Fig. 1 (a) Illustration of the PEC-device-integrated redox flow system. This flow system includes electrolyte flow, which is charged by photoelectrodes under illumination. (b) Time-dependent solar spectra in summer (July) and winter (December). (c) Absorber temperature over the course of a summer day (31/07/2018) for the three different heat-transfer scenarios. (d) Temperature-dependent JV characteristics of a c-Si PV modeled for the case of fast kinetics (i.e. no overpotential) using its real temperature-dependent absorption spectrum21 and the recombination rate calculated based on the absorption spectrum.23 (e) Temperature-dependent JV characteristics of a c-Si photoelectrode with highly dominant kinetic overpotential losses. The equation for the temperature-dependant kinetic overpotential used for (e) can be found in the ESI.

Here, we address the thermo-electrochemical behaviour of photo-charging performance for the redox flow cell applications and unravel the synergic effect of the PEC-device-integrated system using a combined model based on our previously verified study12 and heat transfer theory.15 For effective content delivery, we developed an innovative multi-functional photo-charging cell concept (Fig. 1a). We used real solar spectral data from a typical winter day and a typical summer day obtained from the National Renewable Energy Laboratory (NREL) in Colorado16 (Fig. 1b). The suggested design uses active thermal management, employing heat transfer and forced convection to cool the photoelectrode (e.g. photoanode in Fig. 1a) and heat (via heat transfer phenomena) the electrolyte, thus stabilizing the temperature of the photoelectrode. This thermo-electrochemical approach is critical for enhancing the overall energy storage (i.e. photo-charged electrolyte). Furthermore, we quantify its potential for enhancing the theoretical maximum photo-charging, compared with the conventional approaches of an SRFB without cooling and a system without an integrated PEC device. In fact, this architecture whereby the electrolyte is isolated from sunlight has been actively used in recent reports9,11,17 since the parasitic optical loss by the electrolyte and its photodegradation cannot be avoided.12 However, no in-depth quantitative analysis of photo-charging performance has been reported so far. Simple mechanical integration of a water-cooling line with the PV panel, such as III-V PV module with concentrator,18 also can be considered as an alternative scenario. However, this approach may require an additional pumping system, which generally results in an overall efficiency loss of approximately 8–15%,19 and thus, it has not been dealt with in this work.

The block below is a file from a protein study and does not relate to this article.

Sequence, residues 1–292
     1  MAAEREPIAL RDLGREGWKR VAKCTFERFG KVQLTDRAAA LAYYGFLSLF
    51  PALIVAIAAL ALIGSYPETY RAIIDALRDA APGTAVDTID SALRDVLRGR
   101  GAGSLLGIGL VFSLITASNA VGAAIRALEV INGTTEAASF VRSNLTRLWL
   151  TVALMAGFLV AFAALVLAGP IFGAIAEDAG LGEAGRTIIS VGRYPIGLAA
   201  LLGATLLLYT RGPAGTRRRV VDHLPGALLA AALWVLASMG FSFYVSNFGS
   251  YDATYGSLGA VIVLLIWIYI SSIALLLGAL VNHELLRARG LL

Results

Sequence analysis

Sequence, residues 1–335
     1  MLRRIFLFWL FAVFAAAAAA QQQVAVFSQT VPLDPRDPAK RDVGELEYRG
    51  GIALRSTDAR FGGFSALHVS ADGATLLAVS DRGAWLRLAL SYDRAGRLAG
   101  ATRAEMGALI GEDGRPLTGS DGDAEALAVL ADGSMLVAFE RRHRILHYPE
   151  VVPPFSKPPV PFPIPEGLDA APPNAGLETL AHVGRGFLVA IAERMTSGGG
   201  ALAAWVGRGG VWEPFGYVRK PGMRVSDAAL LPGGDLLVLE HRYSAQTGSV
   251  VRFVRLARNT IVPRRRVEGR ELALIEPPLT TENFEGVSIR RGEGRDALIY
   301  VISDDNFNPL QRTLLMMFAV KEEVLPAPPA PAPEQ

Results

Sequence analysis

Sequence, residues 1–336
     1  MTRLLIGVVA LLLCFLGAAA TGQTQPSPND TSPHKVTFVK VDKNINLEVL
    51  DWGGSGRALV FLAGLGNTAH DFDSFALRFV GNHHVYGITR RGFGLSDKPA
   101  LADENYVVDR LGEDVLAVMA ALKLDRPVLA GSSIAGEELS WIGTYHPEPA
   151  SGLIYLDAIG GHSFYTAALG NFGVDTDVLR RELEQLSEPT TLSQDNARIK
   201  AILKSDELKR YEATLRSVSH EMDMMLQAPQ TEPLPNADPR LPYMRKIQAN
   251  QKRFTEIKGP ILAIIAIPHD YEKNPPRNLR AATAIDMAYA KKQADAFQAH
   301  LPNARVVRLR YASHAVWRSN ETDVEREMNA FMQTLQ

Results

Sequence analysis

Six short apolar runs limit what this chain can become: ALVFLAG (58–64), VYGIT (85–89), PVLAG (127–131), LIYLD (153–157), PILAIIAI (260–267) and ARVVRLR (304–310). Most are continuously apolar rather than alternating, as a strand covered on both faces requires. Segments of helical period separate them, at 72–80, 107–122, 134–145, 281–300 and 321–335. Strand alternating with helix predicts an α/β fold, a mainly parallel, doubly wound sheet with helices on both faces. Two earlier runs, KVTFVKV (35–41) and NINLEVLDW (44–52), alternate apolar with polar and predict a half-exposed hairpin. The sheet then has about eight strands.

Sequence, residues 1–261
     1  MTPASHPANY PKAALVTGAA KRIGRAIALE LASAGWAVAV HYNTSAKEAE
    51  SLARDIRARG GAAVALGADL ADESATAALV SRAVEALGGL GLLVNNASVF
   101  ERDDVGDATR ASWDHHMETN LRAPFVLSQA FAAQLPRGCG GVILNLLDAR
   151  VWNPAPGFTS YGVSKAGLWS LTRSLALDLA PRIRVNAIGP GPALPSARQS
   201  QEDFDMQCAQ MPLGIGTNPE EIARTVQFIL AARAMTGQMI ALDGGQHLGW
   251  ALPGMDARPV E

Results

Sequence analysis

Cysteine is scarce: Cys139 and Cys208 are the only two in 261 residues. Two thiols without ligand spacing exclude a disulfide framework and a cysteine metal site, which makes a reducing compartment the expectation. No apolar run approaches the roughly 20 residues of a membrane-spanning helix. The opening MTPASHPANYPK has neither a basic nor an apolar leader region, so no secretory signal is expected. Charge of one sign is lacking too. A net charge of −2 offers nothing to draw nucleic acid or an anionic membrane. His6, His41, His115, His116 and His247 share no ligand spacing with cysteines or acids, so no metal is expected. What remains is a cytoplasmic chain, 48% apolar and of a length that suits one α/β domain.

Our photo-charging component model consists of a single-junction photoelectrode directly integrated onto an electrolyte flow slab, which function as a cooling channel to remove excess heat from the photoelectrode. Because crystalline silicon is the dominant player in the solar PV market (∼90% share), the suggested SRFB model has a c-Si device with material properties obtained from previous reports.20,21 One lesson learned from previous photo-chemistry studies is that the photo-redox effect of certain redox couples, such as anthraquinones, can lead to a shift in the redox potential, thus benefitting the PEC junction under direct light irradiation.22 We emphasize that this theoretical estimation was made without considering a possible photo-redox effect (i.e. electrolytes are completely isolated from light by the photo-absorber) or an energy-level mismatch between the PEC device surface and the redox couples. Furthermore, we assume that the flux of the electrolyte is sufficient for the current output not to be limited by mass transport. We show that our SRFB model has excellent photo-charging stability over time. We also argue that heat flow management reduces photovoltage loss, allowing effective solar energy conversion and storage even at peak daytime temperatures.